September 5, 2010

Going Froyo on a Google G1 Dev Phone - with Processing on top

I recently upgraded my aging Google Dev Phone to the most recent version of Android. On top of that I installed Processings Android-capable build, so I can now write Android apps in a few familiar lines of Processing code.

Here's the steps it took. The guides online for doing this are quite good, but cover all kinds of caveats which make them harder to read than necessary, and makes the process look much more daunting than necessary.

Why you might not want to do this

I'm upgrading to Cyanogenmod 6, based on Android 2.2 - aka Froyo. That upgrades wipe whatever apps you had installed before, from your phone. I'm fine with that, but if you don't want to start over from a blank slate this is not for you.
Also, the upgrade wipes the list of APNs from your configuration - so take your current 3G settings and make a note of them, so you don't have to scour the internet to find them again when you set up your freshly built phone.
Also II: The upgrade also wipes all your text messages and call logs from your phone. Ritesh Sahu makes nice backup apps for both, so use those before the install if you care about your logs and texts. They're in the Android Market, just search for 'call log backup' or 'sms backup'.

How to

Note that, of course, I can't promise you this will work for you. This is what worked for me

First gather all the downloads you need for the install. These are, in order (I'm linking to guides with up to date links to downloads)

Amon Ra recovery image,
New radio firmware (<- maybe, I had this from a Jesusfreke install of 1.6 last summer, already),
Cyanogenmod 6,
Gapps - tiny version

- I'm assuming you're a developer kind of guy, so you probably have the Android SDK in some version already. You'll need the fastboot tool from the SDK during this process.
- I'm also assuming your phone is already rooted. This is the case for a Google Dev Phone.

What you want do to is read through the caveats and follow this guide

What that means in short, is:

  1. Power off your phone, connect it with USB to your laptop, reboot in fastboot mode - by holding the camera button down before and during the reboot
  2. Pay attention to the fourth line in the status of your phone - it lists the version number of your radio firmware. Make sure it's the most recent one (different ones for US and non-US, version numbers are in the guide). If you ever updated your radio before, you probably have the right one, but check it
  3. Install the Amon Ra recovery using the fastboot tool, as described in the guide, and reboot
  4. Mount the phone SD card via USB, and copy DangerSPL, Cyanogenmod, GApps and the radio image to the root of the SD card
  5. What you need to do now is a series of updates in recovery mode. Power off, boot into recovery by holding home before and during boot. Press back when booted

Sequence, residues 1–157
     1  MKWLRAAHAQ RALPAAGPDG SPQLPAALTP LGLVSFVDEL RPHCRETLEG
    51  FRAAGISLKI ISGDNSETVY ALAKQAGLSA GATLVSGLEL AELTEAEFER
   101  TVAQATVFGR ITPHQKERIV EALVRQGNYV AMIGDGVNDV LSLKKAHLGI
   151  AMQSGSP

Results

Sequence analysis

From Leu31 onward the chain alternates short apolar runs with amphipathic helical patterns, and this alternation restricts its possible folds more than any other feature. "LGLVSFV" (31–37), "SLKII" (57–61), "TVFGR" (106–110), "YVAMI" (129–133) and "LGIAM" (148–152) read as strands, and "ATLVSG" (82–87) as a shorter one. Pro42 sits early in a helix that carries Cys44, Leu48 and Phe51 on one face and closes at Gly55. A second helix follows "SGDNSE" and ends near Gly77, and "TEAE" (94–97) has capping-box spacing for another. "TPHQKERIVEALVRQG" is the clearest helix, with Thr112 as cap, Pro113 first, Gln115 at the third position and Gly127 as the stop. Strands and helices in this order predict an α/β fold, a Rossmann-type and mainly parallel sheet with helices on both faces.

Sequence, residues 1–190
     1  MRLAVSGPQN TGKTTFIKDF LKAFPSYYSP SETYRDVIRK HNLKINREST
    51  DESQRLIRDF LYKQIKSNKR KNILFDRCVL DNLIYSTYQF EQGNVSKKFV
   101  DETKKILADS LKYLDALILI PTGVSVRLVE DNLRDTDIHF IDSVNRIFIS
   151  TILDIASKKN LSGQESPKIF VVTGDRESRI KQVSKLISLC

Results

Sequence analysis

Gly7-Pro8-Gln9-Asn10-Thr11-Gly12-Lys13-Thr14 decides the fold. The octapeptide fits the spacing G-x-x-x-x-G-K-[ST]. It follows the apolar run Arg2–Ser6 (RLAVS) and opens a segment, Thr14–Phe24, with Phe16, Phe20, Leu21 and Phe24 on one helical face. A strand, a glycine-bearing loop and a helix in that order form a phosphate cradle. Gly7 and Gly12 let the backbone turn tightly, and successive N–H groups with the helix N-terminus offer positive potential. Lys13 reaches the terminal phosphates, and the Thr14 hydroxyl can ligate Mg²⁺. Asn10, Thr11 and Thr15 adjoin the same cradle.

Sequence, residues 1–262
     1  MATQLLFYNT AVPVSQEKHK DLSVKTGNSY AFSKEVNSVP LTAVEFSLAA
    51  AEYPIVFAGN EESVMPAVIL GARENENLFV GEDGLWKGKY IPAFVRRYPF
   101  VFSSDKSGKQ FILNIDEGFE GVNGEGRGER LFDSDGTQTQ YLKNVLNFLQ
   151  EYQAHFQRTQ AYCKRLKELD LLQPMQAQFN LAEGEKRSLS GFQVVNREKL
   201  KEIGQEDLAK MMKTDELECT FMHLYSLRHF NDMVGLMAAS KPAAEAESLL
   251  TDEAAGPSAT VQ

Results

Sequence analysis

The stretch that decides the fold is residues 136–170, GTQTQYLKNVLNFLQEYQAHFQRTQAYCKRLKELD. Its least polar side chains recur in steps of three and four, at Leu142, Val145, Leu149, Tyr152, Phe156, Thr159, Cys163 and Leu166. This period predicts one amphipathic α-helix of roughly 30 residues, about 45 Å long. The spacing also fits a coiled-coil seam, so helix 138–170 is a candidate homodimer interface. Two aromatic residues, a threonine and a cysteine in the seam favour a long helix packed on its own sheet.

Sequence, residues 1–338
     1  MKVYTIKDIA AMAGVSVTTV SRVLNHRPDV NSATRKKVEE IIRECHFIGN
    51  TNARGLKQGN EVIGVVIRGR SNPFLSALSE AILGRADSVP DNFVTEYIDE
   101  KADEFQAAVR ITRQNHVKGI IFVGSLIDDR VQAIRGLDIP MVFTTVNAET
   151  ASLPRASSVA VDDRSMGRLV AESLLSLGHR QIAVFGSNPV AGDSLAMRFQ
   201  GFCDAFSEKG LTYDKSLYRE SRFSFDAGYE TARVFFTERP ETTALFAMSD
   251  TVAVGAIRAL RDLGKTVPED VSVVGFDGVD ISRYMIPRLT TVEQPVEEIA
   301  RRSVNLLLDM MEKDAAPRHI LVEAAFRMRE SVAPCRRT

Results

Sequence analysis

6. Use the 'Flash zip from sdcard' option, flash the radio image you copied, if you need to upgrade the radio
  7. If the radio update rebooted you into std mode, power off and reboot back into recovery mode
  8. Flash zip, again - this time the DangerSPL zip. - this is where you can brick your phone if you weren't careful with the radio image version
  9. Your phone should reboot back into recovery mode, and you can do the last bits in one step: Use Wipe|Wipe data/factory reset first, then go back to the main menu and first flash the Cyanogen zip, then the gapps zip
  10. When you reboot now, you'll be booting into a virgin Froyo phone, and you will ned to go through the configuration process for that. This is where you might need to set up your APN, and your notes from earlier will come in handy
  11. Your phone will seem slow. That's because the JIT isn't enabled by default! Go to Settings|Cyanogenmod settings|Performance settings and enable JIT. Change some of the graphics performance options also, if you care about speed and battery. Reboot.
  12. You'll be missing some apps. Go to the market and download Google Maps and 'Wireless tether for root users'
  13. For bonus points, download Chrome to phone to show off this neato browser integration (add fox to phone if you use Firefox)

And now for simple 2d/3d media application development

You might have the android SDK already, make sure you have API version 7 in your SDK setup. To do that, find the 'android' executable, which is the SDK manager, and make sure your SDK includes API 7. You upgrade the SDK from within the manager if these are missing. You need both the API 7 itself and the "Google libs for API 7".
Now get the experimental build of Processing that includes android support.
After installation, Processing will ask for the location of your SDK, when you try to enable Android support for a sketch (which is Processing's name for projects). A little gotcha here: When you try to build for your phone, Android will use a development certificate to sign your app. These can get stale, and your build will fail. Just delete it, and rebuild, to fix. On OS X - what I run - it should be ~/.android/debug.keystore you want to delete.

Now grab one of the simple Android examples from the File|Examples menu - I went for a simple 2D sketch demonstrating mouse input. Drop the code from that into your Android-enabled sketch (or Android-enable the example sketch) and build. Running the sketch should happen in the emulator. To copy it to your phone use the 'Present' option from your build menu.

Posted by Claus at September 5, 2010 4:03 PM
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